" .26 HowHeKeepsHis( '::apitalTuming Over the ground that he actly according to his paper loss. it rnay be a ~velop. trading experience knows that sorne of his f the trades which were carried along on ~urities which were •'bought on put away. "DRIF 丁ING" STOCKS COST β10NE士 Y perato 内working capital , those stocks that to go in the desired way ,are probably the or makes a losing trade and c10ses it out ,he But when he al10ws it to stand ,in the hope IW a more definite tendency and give more or is merely hoping that it wi11corne out al1 hen 1 have to depend on hope in a trade ,1 her me in my trading and 1cannot afford to ìiders that stock a purchase at that time. If f it does not ,he knows he is wrong and dict the indications previously given by the er be out. He closes out trade is even ,a little 1 ed it. a bond is deposited in the strong box ,it is 、 I I I I I I I I I I I I I I .

Co01bined with his rule of cutting losses short. the above descrìbed practice gives hi01 both a Iimìtas to the amount of his risk and the period of time in which he wìl1devote working capital ìnan attempt to O1ake money out of any partìcu1ar trade. Hence ,he clears out the deadwood just as an expe 民 bowler wants the pin boy to take away the pins that he has knocked down but are sti111ying among those standing. Livermore were long or short of a 10t of trades that he had been hoping wou1d co01e out al1 right sooner or Iater ,his judgment wou1d not be so c1ear at these vìtalspots in the market. He will not stay with a trade more than a few points if his judgment appears to be wrong as to its direction ,and he will not stay with it more than a few days if it does not perform as it shou1d within that ti01e. If Mr.How He K eeps His Capital Turning Over 27 time. These two methods are what might be called the lifeblood of his trading methods. to get in the right stocks at the right time and ride them in the right direction. . he has both a price stop and a time stop. or to sel1 short a considerab1e line at the high 1eve1s of a boom. WHY HE'S ALWAYS READY FOR OPPORTUNlTIES Every year or two there is a great opportunity either to accumulate a big 1ine of stocks at the bottom of a panic or heavy decline. because they keep his capital in constant circulation and enable him instantly to co01mand it for the market opportunity which is most promising at a gíven mo01ent. when his O1osti01portant undertakings are entered into. Thus.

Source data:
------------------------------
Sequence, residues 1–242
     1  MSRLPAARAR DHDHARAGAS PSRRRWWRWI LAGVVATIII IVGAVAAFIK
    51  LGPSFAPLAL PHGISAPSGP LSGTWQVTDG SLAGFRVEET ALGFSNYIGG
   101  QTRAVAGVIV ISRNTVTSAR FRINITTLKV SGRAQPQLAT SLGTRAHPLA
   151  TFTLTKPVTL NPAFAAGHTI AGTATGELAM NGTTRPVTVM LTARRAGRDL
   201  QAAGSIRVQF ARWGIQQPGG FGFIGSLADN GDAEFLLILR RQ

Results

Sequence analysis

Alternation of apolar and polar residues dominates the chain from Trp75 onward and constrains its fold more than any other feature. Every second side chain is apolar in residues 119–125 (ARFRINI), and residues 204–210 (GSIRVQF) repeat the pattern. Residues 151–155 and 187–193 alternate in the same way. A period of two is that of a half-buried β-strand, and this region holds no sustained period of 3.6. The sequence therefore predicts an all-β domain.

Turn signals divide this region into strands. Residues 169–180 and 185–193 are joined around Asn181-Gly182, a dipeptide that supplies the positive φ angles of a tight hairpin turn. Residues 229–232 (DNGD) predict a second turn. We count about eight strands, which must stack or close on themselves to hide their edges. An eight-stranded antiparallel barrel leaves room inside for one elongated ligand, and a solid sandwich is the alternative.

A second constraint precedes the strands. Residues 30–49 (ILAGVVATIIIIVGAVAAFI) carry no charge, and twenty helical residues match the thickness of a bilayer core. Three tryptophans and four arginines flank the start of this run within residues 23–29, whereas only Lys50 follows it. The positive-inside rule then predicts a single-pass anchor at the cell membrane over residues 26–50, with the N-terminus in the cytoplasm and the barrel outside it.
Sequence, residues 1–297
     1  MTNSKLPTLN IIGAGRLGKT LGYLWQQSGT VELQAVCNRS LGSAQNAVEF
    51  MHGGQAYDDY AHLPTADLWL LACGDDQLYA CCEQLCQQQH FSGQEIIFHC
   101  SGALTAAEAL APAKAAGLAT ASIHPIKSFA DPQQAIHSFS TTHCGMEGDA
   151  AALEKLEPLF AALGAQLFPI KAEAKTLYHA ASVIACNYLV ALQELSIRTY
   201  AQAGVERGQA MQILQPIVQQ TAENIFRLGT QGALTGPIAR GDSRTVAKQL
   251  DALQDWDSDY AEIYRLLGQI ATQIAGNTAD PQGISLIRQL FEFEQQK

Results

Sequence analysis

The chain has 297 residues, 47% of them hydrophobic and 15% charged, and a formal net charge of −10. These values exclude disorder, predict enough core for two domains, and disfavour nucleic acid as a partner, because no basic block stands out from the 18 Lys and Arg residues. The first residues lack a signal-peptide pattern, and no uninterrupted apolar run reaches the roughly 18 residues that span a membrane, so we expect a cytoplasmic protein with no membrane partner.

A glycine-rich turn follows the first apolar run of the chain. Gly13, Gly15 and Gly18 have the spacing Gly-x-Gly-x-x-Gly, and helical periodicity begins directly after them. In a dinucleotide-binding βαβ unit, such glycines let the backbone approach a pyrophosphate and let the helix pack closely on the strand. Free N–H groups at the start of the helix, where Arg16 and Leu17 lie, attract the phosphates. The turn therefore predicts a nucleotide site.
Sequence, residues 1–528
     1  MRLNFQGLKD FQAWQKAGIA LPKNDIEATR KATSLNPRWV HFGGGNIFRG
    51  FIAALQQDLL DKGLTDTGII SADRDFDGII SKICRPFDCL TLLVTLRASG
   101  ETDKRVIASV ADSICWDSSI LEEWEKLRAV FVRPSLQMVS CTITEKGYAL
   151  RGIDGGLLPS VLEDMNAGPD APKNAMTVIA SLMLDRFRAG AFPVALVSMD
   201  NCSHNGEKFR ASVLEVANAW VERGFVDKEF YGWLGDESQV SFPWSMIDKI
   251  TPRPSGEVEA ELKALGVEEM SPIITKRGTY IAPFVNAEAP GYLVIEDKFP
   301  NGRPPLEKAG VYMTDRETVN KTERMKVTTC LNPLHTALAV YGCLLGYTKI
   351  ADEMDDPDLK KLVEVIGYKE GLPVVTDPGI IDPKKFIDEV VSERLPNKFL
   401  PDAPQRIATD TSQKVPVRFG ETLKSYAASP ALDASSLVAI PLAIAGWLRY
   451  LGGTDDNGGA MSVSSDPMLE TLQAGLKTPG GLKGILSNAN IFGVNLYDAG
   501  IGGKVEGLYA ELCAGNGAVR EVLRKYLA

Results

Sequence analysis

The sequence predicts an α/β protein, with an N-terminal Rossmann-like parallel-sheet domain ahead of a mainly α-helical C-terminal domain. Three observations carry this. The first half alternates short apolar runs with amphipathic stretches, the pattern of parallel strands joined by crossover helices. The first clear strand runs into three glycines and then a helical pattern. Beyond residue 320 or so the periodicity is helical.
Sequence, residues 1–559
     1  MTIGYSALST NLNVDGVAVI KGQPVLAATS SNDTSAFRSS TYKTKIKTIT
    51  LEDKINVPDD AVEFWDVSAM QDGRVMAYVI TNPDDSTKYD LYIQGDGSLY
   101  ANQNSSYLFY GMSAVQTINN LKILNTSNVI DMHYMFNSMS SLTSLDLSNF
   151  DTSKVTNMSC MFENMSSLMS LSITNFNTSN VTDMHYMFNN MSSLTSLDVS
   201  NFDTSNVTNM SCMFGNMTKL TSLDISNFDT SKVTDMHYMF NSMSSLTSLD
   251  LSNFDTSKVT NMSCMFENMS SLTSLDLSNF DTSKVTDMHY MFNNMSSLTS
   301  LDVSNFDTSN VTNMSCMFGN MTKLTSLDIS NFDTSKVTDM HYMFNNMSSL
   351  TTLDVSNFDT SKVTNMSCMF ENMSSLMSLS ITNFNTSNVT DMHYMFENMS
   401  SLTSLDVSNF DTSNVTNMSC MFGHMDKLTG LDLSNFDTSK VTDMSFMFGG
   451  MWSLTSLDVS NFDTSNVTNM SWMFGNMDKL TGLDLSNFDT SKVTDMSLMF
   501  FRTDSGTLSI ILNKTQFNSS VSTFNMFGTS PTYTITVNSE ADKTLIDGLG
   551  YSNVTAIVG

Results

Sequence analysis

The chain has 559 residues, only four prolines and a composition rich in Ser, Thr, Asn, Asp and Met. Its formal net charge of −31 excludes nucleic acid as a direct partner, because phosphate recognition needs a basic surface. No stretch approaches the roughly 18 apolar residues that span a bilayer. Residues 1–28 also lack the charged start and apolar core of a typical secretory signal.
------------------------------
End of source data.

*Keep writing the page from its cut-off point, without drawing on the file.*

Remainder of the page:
He prefers to deaI in the fast movers. .~ narrow range.y are _~eneraIIy many months in accomplishing . It is from these that he derives his greatest profits. If a stock purchased at 10 rises to 20 ,that is 100070 on the money involved.over. stocks that have wid~ swings 一 the market leaders. It is obvious that if he is to reaIize at least a ten-point profit. Let us now consider the class of stocks in which hedeaIs.d his minimum anticipated profit.had in more volatlle stocks. Livermore does not make a commitment unless it promis:s to yieI. whereas a ~~gh p~iced stoc~.do not move as and when he expects. aIso how he keeps his desk c1ear of stocks that. When trading on the 10m! side of a high p 巾ed stock ,however ,he probably would not carry this if h~ bought at 200 and it went severaI points against him ,because his indications . and when all is considered ,this kind of money is veηsatisfactory. ln the case of a stock seI1ing at 10 ,he would naturaI1y buy it outright so that his risk would be ten points ,or whatever amount less than that he chooses to cut his 10$s if an adverse movement shou1d set in. These are usuaI1y the best stocks in. the most active groups-the ones which wiIl swing fastest and farthest.but generally speaking ,his method of operating eliminates this blue chip class of stocks except under peculiariy promising conditions.CHAPTER7 The Kind of Stocks In Which To Trade We have shown how Mr.~ould have to rise from 200 to 400 to make the equivalent.such movements and do not afford the opportunities for profit that may be.~o be sure ,the~e i~sues do have ten-point swings , but t?e. There is a vast difference ,however ,in the number of points travèled bv a stock from 10 to 20 compared with a high priced stock moving from 20Ó to 400 ,and it is the Iarge number of points that he is after. 1 do not mean that any stock is taboo with him so long as he can see the possibiIities of a return which is Iarge in proportion to the amount of his risk He has made considerable money in some of the very low priced issues. he cannot devote attention or capital to deaIing in stocks which most of the time flu~tuate .